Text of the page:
Mon, Fri 星期一、五 5:30pm
Monday and Friday: 5:30pm-6pm
A group of music critics guide you through some of the the most interesting new releases to keep you in touch with the latest fine music recordings.
Critic: David Gwilt
The two cello concertos by Dmitri Shsotakovich were both written for his friend Mstislav Rostropovich but whereas the first is rhythmic and virtuosic, teh second is subdued and introverted. Composed in 1966, it is often regarded as a watershed work, heralding Shostakovich's final stylistic period marked by a certain sombreness and a trend towards more transparent scoring. The op. 126 concerto has become somewhat overshadowed by its older, more accessible sibling, something which also applies to the second work on this disc, for completely different reasons. Having compmleted his Cello Cocnerto No. 2 in 1945, Bohuslav Martinu was unsuccessful in his attempts to interest a leading cellist in promoting it. When the composer furthermore reworked his first cello concerto in 1955, the new version effectively obliterated all traces of the 1945 concerto, which didn't receive its first performance until 1965, six years after Martinu's death. The work is melodious with lyrical qualities, and many have interpreted it as an expression of the nostalgia the composer experienced as an exile in the U.S.A. during the last winter of the World War II.
Critic: Dennis Wu
Ivan Repušić, the new chief conductor of the Munich Rundfunkorchester, devotes his first CD on BR-KLASSIK to works by the composers Maurice Duruflé and Ottorino Respighi, both of whom took a major interest in the melodies and harmonies of Gregorian chant. The French composer Duruflé’s “Requiem" is based on the Gregorian "Missa pro defunctis", the Latin Mass for the Dead, and the Italian Respighi, in his "Concerto Gregoriano", used Gregorian chant as a source of inspiration for the harmonious sound of the concerto and for the song-like treatment he gives to the solo violin. Maurice Duruflé's “Requiem” became especially well-known. Its first performance in 1947 was one of the high points of his career; the work not only helped to establish Duruflé as a successful composer but also brought him fame far beyond the borders of France. This self-contained, homogeneous and contemplative composition is based on themes from the Gregorian Mass for the Dead. In his work, Duruflé succeeded in fusing Gregorian chant, Baroque polyphony and colourful orchestration into a unified whole, and the spiritual, inward-looking character of the chants harmonises most effectively with the composer’s personal style. The impact of Gregorian chant on the composer Ottorino Respighi was “like an addiction”, and it had a vast influence on his work. Elements of it can be heard in almost all the works he composed after 1920. One reason why these puristic melodies, in conjunction with the harmony of the ecclesiastical modes, fascinated him so much was that they represented the greatest possible contrast to the overheated, chromatically refined harmonies of the Verists and the post-Wagnerians. Becoming increasingly atonal was never an option for Respighi; it was in the archaic and austere character of Gregorian chant, and in ancient melodies, that he recognised the greatest innovative potential.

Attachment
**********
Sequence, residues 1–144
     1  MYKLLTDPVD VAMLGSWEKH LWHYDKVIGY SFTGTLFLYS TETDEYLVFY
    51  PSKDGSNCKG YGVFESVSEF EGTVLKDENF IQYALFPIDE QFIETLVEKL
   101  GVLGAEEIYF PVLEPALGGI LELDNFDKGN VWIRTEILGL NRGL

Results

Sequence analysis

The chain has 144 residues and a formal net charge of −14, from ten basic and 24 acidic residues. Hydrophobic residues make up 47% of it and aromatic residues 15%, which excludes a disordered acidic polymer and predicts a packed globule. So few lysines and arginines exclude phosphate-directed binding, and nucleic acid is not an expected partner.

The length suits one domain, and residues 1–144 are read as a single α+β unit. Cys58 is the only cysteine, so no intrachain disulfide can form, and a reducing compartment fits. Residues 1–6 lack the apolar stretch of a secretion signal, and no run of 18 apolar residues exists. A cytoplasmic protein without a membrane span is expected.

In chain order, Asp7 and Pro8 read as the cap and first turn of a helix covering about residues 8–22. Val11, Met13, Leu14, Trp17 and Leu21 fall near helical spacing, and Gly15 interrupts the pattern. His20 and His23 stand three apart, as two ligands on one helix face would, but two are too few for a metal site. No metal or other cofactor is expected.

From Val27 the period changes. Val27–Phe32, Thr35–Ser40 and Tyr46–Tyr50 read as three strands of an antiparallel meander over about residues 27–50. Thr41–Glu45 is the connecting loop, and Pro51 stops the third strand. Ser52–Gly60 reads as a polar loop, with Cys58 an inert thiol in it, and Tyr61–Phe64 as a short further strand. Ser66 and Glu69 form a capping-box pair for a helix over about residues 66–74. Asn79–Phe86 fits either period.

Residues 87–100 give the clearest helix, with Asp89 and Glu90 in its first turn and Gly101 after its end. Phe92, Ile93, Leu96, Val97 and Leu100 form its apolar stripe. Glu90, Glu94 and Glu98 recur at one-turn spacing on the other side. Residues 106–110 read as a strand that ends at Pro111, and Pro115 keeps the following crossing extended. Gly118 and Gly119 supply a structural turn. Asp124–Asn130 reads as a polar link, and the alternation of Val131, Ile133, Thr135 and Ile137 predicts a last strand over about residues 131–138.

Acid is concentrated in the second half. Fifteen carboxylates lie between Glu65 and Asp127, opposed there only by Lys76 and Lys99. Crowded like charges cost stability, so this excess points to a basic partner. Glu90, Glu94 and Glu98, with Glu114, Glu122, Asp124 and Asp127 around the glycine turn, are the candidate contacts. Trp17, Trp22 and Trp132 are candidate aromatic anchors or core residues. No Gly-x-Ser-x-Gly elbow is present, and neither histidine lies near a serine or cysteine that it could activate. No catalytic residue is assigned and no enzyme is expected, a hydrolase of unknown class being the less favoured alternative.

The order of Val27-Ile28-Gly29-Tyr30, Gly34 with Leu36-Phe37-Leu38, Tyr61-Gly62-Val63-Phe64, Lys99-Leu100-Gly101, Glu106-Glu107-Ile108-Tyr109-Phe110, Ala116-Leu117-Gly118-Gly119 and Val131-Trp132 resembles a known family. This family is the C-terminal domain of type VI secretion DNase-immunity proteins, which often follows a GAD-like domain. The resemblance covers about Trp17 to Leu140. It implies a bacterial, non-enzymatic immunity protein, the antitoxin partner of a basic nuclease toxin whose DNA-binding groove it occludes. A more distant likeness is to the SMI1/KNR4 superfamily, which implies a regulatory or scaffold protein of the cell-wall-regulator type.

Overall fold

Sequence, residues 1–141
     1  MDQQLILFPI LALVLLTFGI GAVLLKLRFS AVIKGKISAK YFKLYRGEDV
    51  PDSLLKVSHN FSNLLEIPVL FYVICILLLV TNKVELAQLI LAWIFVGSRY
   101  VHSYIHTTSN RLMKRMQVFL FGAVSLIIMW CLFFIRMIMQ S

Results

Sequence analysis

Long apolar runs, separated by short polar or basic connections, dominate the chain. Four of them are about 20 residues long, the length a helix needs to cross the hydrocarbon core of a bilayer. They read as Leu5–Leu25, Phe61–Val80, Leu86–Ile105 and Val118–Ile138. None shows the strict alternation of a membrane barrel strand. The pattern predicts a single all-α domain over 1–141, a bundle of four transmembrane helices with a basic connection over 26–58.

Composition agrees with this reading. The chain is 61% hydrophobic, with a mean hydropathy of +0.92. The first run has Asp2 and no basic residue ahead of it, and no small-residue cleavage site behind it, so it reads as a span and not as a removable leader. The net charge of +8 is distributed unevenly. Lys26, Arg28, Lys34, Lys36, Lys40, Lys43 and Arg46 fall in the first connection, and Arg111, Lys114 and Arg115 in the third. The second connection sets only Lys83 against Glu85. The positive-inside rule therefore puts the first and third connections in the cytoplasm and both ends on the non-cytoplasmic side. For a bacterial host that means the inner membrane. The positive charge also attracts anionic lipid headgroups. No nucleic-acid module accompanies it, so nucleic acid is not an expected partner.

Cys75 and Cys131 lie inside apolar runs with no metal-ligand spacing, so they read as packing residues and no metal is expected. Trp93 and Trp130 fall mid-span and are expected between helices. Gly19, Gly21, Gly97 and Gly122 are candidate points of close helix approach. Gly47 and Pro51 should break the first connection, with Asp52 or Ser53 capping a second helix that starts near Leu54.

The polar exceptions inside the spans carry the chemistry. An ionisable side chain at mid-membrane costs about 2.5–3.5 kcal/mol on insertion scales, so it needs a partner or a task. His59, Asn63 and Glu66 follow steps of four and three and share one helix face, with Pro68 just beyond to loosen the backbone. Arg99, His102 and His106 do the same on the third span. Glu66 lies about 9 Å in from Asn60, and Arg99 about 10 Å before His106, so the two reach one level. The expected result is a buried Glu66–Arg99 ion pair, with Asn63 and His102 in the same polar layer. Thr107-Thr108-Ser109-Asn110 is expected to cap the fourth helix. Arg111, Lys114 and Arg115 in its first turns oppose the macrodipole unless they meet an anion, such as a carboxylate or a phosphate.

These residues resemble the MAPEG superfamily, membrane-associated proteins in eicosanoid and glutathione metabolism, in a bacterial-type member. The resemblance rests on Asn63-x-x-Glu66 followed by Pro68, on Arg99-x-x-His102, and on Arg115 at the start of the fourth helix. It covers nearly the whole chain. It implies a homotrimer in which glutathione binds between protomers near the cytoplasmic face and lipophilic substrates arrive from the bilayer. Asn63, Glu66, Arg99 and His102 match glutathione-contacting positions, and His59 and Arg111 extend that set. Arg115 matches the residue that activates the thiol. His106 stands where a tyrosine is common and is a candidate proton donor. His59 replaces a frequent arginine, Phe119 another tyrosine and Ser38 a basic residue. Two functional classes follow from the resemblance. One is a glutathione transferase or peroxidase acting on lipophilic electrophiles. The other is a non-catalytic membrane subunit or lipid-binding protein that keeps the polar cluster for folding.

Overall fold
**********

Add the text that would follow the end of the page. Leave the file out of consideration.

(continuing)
Critic: Dennis Wu
After a period as a court composer at Detmold, Brahms returned to the city of his birth, Hamburg, in January 1860. Here, in relative tranquillity, he explored the then rare piano quartet repertoire. The Piano Quartet No. 2 received a very sympathetic hearing in Vienna, Clara Schumann even preferring it to its immediate predecessor, the Piano Quartet, Op. 25 [Naxos 8572798]. Its lyricism is heightened by a romantically beautiful Adagio. Mahler’s vibrant Piano Quartet in A minor dates from 1876, the end of his first year at the Vienna Conservatory, where the only completed movement was first performed. (Naxos)